1. “4g of steviol glycosides provides the sweetness equivalent of 1,000g sugar, because it is perceived to be 250 times sweeter.”

    Why not just say, “1g of steviol glycosides provides the sweetness equivalent of 250g sugar.”?

  2. Monk Fruit Sweetener is far better in every way + it has actual health benefits that outweigh all other sweeteners !!!

  3. Total nonsense. Anyone that has ever used Stevia knows that it cannot substitute for sugar. Most importantly, it does not dissolve in fat. That’s why there is no good stevia-only chocolate – they must add sugar alcohols. I am not surprised the “scientists” spew out gibberish, yet again. Maybe learn something about critical thinking, logic, and the scientific method before doing “studies”?

  4. I believe that Stevia is dangerous too. The taste is off, and you just don’t feel right after using it.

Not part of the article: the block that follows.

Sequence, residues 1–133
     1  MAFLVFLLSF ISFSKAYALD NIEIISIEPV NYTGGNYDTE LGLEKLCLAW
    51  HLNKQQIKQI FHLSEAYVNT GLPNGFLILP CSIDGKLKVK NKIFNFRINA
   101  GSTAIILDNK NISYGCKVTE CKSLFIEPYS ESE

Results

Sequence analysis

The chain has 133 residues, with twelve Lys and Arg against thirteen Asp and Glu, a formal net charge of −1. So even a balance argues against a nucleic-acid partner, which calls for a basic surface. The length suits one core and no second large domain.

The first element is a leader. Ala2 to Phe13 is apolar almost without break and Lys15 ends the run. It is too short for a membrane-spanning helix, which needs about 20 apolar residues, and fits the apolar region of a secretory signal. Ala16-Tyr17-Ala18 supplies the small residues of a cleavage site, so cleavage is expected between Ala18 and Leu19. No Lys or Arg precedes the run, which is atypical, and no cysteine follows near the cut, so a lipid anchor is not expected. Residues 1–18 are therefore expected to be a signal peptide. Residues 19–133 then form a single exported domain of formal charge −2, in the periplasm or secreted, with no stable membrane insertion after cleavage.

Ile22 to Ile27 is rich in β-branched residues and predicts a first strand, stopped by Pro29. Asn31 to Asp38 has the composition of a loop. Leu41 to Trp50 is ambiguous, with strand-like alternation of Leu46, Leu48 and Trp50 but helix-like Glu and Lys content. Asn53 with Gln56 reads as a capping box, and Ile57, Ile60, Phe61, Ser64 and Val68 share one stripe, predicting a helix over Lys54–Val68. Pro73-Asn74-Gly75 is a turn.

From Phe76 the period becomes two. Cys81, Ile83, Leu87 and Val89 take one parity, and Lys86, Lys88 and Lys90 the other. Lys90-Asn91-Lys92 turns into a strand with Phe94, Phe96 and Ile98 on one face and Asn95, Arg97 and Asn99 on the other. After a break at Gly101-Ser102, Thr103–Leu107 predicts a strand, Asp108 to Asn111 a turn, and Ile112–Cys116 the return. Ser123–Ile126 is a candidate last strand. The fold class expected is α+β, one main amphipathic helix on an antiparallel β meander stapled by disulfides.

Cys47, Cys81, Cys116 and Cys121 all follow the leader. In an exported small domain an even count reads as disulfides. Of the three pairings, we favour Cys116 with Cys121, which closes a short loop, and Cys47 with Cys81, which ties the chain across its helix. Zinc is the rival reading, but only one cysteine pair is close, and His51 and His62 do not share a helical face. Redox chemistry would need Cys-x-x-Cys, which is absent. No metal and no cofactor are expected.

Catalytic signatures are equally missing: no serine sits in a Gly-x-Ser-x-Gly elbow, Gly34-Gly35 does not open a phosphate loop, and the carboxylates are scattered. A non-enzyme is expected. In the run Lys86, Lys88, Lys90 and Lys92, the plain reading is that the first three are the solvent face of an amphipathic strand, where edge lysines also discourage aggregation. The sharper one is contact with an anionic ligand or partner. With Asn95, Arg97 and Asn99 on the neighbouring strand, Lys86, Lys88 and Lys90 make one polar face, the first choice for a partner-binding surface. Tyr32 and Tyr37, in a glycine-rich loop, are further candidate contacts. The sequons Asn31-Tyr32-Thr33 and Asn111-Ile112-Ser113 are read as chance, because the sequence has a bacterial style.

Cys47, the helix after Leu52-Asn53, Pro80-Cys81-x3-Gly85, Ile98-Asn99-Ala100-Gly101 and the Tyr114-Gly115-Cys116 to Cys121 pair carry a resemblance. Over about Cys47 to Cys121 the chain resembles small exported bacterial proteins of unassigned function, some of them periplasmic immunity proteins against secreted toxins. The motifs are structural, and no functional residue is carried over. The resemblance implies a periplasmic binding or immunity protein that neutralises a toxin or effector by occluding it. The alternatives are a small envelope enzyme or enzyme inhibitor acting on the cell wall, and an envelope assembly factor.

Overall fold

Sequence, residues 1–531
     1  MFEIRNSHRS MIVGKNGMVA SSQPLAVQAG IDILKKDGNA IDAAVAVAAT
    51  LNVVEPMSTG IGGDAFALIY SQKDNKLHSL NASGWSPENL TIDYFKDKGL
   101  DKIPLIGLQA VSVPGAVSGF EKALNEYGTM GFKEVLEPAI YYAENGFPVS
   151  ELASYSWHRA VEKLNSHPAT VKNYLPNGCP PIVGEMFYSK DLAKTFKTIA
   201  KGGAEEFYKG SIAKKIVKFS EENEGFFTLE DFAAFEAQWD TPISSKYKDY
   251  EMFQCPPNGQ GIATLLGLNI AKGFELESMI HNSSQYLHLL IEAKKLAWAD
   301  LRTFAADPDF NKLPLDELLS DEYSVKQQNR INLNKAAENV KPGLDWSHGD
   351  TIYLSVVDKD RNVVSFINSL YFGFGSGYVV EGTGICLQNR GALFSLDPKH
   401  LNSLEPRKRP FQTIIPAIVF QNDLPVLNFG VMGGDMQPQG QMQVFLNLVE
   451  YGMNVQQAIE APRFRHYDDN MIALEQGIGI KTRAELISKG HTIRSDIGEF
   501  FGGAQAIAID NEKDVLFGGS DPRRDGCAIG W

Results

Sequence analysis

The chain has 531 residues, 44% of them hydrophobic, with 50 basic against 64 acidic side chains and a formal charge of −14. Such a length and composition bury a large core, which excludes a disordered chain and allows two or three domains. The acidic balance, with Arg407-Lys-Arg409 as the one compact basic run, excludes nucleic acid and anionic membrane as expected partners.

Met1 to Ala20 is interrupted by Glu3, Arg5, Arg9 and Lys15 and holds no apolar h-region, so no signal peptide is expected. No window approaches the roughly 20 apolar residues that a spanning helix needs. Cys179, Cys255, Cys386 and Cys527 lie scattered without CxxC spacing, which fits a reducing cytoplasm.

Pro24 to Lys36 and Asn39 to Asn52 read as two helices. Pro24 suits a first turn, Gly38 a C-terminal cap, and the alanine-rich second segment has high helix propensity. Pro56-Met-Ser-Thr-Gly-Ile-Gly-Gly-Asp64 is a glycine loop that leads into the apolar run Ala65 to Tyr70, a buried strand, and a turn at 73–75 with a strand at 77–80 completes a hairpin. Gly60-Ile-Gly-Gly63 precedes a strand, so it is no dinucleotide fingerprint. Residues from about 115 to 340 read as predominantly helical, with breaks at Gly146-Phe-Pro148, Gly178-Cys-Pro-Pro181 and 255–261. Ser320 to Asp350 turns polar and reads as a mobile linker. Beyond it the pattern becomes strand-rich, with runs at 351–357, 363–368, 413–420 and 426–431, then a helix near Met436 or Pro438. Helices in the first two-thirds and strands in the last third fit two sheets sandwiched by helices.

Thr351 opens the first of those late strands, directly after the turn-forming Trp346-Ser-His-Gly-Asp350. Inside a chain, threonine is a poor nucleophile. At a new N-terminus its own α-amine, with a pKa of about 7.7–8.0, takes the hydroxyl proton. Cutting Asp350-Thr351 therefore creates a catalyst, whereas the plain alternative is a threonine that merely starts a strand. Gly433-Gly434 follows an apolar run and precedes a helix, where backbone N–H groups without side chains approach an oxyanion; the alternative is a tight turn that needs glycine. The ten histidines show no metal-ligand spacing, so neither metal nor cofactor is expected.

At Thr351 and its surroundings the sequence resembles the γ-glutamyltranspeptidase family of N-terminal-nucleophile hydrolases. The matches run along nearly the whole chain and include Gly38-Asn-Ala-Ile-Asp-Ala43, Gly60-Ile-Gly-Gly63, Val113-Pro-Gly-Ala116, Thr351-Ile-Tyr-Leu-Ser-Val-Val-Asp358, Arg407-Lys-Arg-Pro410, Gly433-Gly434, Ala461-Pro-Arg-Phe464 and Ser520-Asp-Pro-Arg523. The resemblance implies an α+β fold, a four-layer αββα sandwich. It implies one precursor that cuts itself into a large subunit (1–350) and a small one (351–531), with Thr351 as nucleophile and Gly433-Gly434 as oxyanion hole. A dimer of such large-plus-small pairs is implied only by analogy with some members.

It’s probably dangerous
    Seems there are side affects to everything we eat
    I like my pizza and Haagen Daz!

  5. This report, is a little far behind in time. I’ve been using Stevia and monk fruit for almost 10 years now. Not only that, stevia is a sweetner that’s been used in South America by the indigenous for hundreds of years. I think they had the right idea, from the start 😊

  6. What about these recent reports about artificial sweeteners causing heart attacks or strokes? Reducing added sugar (cut back on unhealthy sweets) seems to be the lesser of two evils. I only want sugar in my coffee cup, not 24/7.

  7. They have been dissing Stevia and monk fruit sweetener brands as the cause for heart attack and strokes lately. Hey they have to blame something for all the “clot shot” induced damage and death. I’ve read a variety of things they have tried to blame…now this. Insanity!

  8. Of course the anti-VAX right-wing conspiracy nut cases jump on the story and turn it into another conspiracy theory. Stevia has been safely used for centuries by indigenous people. Just make sure it’s pure and not blended with other additives that carry health risks. The COVID-19 vaccine is safe compared to running around unvaccinated and catching Covid. Ask anyone who’s lost a family member or friend, not to mention all the people that survived it, but have a long haul. Get your damn vaccination!